Let the research you did about required education and training be your guide. If you don’t have all the details, do some more research. Once you have all the information you need, set your goals. An example of a long-term goal would be completing your education and training. Short-term goals include applying to college, apprenticeships, or other training programs, and doing internships.
08 Write a Career Action Plan
Put together a career action plan, a written document that lays out all the steps you will have to take to reach your goals. Think of it as a roadmap that will take you from point A to B, and then to C and D. Write down all your short- and long-term goals and the steps you will have to take to reach each one. Include any anticipated barriers that could get in the way of achieving your goals and the ways you can overcome them.
Via The Balance : 5 Tips to Improve Your Career Development
You Owe Yourself a Career Development Action Plan
Career management isn’t just a nice-to-do, it’s a must do, if you expect to gain maximum success and happiness from the hours you invest in work. Face it, you are likely going to work 40 hours a week for your entire adult life. Why not make them the best 40 hours that you can create?
Career management in which you plan and work to obtain new skills, capabilities, and experiences, is the answer. Share your goals with your boss and you have created a partner who can help you broaden your experience.
You are chock full of talents and skills. Continuing their development will stretch your world and enable more of your unique contribution. This, in turn, will make your career success and progress a cornerstone in your fully-developed life. Does your world get any better than this? Not really.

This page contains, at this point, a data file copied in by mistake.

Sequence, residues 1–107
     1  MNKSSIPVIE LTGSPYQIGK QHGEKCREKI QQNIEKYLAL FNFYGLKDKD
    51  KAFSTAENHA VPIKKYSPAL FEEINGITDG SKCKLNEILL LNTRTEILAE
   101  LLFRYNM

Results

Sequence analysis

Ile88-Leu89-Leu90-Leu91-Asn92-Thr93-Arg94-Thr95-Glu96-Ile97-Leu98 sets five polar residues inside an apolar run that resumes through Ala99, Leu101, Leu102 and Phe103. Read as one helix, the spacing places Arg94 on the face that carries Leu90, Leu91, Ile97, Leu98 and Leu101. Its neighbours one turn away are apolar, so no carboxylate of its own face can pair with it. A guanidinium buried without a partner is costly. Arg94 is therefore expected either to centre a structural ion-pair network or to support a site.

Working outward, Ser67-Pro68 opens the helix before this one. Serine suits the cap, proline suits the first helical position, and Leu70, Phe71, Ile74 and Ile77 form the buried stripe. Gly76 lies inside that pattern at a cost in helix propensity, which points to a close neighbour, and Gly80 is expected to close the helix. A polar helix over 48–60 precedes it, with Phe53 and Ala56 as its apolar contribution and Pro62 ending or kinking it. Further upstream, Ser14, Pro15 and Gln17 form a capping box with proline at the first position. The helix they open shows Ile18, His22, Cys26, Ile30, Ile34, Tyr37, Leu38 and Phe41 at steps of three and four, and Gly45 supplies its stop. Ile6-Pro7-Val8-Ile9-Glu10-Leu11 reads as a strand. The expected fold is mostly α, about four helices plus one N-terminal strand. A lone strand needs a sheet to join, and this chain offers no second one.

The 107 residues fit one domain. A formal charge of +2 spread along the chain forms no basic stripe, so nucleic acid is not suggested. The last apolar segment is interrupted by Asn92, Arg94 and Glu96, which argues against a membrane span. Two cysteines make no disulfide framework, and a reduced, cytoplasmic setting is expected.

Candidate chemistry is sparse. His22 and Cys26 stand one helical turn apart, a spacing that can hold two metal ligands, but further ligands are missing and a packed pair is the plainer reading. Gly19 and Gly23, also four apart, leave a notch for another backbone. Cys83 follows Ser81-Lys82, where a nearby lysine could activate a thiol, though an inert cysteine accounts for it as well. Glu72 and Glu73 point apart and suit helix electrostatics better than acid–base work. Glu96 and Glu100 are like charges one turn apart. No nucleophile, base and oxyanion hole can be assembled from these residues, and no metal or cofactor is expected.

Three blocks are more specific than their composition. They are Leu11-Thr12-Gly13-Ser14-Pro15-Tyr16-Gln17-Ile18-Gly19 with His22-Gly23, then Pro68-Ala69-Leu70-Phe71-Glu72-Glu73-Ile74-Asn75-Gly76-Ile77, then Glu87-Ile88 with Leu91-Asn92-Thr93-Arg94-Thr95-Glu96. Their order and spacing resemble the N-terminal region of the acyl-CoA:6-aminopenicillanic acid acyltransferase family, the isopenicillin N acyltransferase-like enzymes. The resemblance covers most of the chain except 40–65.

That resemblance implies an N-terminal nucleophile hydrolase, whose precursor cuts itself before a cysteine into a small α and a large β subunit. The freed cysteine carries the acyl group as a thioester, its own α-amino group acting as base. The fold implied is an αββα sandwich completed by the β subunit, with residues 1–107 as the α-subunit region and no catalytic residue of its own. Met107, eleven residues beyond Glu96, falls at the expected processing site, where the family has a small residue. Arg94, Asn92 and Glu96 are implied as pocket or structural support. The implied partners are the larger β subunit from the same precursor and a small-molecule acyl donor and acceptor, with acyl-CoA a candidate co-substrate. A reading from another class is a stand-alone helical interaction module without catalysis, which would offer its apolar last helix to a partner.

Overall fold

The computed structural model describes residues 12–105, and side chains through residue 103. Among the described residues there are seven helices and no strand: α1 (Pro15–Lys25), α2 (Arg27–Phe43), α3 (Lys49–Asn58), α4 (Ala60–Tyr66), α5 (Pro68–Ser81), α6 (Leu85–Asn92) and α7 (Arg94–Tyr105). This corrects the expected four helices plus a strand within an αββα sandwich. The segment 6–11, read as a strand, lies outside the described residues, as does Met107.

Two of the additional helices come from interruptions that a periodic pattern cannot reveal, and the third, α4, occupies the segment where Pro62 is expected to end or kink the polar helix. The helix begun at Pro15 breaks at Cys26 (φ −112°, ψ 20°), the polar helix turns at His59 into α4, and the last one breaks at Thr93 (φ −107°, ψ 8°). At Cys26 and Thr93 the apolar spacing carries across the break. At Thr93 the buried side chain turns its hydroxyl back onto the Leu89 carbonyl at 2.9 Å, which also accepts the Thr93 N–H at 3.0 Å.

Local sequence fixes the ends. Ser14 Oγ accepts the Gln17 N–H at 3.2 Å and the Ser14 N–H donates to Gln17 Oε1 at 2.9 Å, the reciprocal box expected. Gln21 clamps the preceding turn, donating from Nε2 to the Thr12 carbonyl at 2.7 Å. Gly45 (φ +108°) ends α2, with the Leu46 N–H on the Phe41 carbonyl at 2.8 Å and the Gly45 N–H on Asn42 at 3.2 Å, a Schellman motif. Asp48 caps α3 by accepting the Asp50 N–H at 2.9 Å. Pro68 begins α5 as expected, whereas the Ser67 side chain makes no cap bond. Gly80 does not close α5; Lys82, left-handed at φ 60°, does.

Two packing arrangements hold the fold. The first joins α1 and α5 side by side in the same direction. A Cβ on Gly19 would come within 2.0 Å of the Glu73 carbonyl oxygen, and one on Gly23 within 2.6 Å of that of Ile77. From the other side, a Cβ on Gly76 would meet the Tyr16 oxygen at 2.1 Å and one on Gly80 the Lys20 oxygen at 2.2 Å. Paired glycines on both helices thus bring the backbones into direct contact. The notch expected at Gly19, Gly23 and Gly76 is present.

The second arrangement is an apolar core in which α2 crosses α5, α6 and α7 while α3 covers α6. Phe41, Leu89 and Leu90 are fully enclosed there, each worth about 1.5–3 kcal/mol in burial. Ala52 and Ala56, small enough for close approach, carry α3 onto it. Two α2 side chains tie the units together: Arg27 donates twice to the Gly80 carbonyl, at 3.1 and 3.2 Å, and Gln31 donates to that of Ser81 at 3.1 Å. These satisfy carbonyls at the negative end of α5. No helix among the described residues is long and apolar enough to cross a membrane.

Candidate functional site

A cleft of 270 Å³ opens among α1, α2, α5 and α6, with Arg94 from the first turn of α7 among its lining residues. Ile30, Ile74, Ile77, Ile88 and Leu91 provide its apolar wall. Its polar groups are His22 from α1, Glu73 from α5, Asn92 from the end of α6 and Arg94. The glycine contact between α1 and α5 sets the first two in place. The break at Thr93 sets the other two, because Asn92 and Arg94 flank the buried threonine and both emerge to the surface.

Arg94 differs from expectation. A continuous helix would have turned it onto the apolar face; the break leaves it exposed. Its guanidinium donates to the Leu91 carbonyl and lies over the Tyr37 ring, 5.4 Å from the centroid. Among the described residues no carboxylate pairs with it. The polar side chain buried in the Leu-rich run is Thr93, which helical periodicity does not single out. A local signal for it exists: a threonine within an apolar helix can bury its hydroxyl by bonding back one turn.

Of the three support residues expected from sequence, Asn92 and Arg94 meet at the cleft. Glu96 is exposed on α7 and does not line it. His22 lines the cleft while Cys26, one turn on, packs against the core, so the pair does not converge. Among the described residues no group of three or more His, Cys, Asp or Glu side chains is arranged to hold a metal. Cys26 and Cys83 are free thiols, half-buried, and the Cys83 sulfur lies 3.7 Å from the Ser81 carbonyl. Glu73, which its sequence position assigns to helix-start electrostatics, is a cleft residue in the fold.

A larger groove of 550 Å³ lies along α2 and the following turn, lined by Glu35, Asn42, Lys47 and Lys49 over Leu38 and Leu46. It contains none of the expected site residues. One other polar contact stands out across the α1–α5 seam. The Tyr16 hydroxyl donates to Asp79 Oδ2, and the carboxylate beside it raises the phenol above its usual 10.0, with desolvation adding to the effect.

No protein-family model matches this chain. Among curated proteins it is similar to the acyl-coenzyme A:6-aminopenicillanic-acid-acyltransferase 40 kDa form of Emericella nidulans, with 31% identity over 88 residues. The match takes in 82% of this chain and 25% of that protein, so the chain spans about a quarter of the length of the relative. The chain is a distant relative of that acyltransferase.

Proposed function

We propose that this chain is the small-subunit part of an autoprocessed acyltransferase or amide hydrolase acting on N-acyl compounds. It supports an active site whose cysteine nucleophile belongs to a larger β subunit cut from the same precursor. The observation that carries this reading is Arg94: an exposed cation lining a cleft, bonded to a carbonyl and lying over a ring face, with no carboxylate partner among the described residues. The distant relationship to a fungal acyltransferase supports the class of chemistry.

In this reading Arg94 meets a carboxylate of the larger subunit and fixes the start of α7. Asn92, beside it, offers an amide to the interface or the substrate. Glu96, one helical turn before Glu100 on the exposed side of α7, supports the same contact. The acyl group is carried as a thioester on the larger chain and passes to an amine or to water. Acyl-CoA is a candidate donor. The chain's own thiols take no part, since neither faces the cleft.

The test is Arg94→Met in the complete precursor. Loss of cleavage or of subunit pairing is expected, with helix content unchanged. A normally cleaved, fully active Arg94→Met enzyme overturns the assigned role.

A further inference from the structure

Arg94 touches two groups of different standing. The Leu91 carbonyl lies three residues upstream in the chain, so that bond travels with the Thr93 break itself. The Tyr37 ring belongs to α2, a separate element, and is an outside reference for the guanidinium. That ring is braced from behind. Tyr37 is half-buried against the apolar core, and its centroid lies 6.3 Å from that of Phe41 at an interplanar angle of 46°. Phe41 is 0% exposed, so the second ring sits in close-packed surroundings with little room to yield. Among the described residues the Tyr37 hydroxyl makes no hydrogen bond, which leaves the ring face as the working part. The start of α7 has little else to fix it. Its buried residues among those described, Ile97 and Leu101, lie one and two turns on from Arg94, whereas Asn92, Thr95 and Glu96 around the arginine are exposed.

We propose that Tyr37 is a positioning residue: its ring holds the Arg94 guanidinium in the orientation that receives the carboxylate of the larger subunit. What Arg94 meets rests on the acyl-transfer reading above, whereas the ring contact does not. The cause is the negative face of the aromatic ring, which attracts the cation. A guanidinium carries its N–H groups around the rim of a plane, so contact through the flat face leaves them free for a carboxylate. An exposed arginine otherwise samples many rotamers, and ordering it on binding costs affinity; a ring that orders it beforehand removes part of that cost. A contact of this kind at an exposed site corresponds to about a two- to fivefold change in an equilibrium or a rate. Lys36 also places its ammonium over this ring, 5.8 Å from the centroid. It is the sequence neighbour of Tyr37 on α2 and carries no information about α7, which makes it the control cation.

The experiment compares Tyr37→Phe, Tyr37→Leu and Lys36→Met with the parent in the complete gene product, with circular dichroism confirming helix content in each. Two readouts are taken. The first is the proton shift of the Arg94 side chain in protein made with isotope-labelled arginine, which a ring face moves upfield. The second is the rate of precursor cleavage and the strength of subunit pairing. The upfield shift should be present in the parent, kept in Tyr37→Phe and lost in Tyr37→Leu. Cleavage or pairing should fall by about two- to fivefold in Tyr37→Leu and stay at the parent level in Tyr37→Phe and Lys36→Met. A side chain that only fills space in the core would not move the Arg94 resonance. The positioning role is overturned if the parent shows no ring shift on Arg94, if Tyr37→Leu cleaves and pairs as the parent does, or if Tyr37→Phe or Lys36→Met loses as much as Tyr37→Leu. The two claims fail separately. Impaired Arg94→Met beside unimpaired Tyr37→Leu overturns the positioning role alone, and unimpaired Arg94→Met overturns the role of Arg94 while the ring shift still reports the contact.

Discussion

Career Growth and Development Opportunities
When most employees think about their careers, they have not thought past their current job or the next promotion that they’d like to receive. They need to broaden their short-term thinking. As employees are promoted up the organization chart, fewer jobs become available, yet continuing to grow skills and experience should still be a priority for people obtaining value from and adding value to their career.
You can continue to experience career growth by taking the lead in investing in your career development and progress. Here are a few ways in which you can collaborate with your boss to manage your career.
- Job shadow other employees in your company to learn about different jobs.
- Explore lateral moves to broaden and deepen your experience.
- Attend classes and training sessions to increase your knowledge.
- Hold book clubs at work to develop knowledge, and share terminology, concepts, and team building with coworkers.
- Seek a mentor from a different department that you’d like to explore.
5 Tips for Career Growth and Development
Here are additional thoughts about career management. Dr. Tracey Wilen-Daugenti, Vice President and Managing Director of Apollo Research Institute and Visiting Scholar in Stanford University’s Media X program, recommends five additional career management strategies.
- Could your career development and management use help to gain momentum? People who are the most successful and satisfied in their careers have proactively determined what they want from work. Once they’ve decided on their goals, they make a plan to accomplish the goals.